- Binds to, and activates 5-HT receptors.
- Tissue and organ effects as follows:
- Potent vasoconstrictor, except in the heart and skeletal muscles, where it causes vasodilation.
- Small positive inotropic and chronotropic action.
- May elicit the chemoreceptor reflex/Bezold Jarish reflex, where serotonin activates 5HT3 receptors on the heart, leading to profound hypotension and bradycardia.
- Immunological function
- Found in platelets – assists with platelet aggregation
- Nervous system
- CNS: functions as a neurotransmitter
- 5HT3 receptors participate in the vomiting reflex.
- Implicated in depression/migraine. Also implicated in mood/pain perception/sleep
- Causes bronchoconstriction and hyperventilation
- Prokinetic and secretory effect, resulting in diarrhea.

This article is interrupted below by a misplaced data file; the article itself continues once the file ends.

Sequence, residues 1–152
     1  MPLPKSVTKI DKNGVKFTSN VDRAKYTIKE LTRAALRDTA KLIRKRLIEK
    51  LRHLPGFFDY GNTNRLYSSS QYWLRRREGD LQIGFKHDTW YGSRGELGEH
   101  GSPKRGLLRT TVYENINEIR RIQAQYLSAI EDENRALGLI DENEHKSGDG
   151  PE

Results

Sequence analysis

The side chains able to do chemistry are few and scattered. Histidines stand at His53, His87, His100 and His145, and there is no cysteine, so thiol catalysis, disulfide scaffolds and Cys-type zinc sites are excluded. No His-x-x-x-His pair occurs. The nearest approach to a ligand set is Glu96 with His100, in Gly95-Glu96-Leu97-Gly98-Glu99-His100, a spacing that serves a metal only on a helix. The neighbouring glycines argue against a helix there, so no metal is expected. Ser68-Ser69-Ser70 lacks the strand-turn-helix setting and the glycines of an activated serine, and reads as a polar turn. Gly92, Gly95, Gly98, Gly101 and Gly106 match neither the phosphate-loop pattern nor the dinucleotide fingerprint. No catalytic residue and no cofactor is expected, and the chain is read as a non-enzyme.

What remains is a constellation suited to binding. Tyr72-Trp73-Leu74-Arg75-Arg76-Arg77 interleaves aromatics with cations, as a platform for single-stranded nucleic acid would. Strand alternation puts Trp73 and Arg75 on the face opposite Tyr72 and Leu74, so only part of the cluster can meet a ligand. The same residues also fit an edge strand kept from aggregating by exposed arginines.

- Excessive serotonin leads to a potentially fatal syndrome called serotonin syndrome. It is a predictable (rather than idiosyncratic) reaction. It is similar in presentation to MH and NMS, but the pathophysiology and treatment are different.
||SSRIs, MAOIs, triptans, ondansetron, St. John’s Wort, morphine, pethidine, linezolid, tramadol.
||HTN, hyper-reflexia, tremor, hyperthermia, diarrhea, mydriasis, agitation and coma (onset occurs within hours).Also clonus, increased bowel sounds.
||Sedation (BZDs), paralysis, intubation and sedation. Possibly cyproheptadine or chlorpromazine (5HT blockade)
||Anti-psychotic drugs that block D2.
||Acute, severe parkinsonism. Hypertension, hyperthermia, normal/reduced bowel sounds. Onset 1-3 days.
||Diphenhydramine, sedation and cooling.
||Volatile anaesthetics, suxemethonium
||Hyperthermia, muscle rigidity, HTN, tachycardia. Onset within minutes.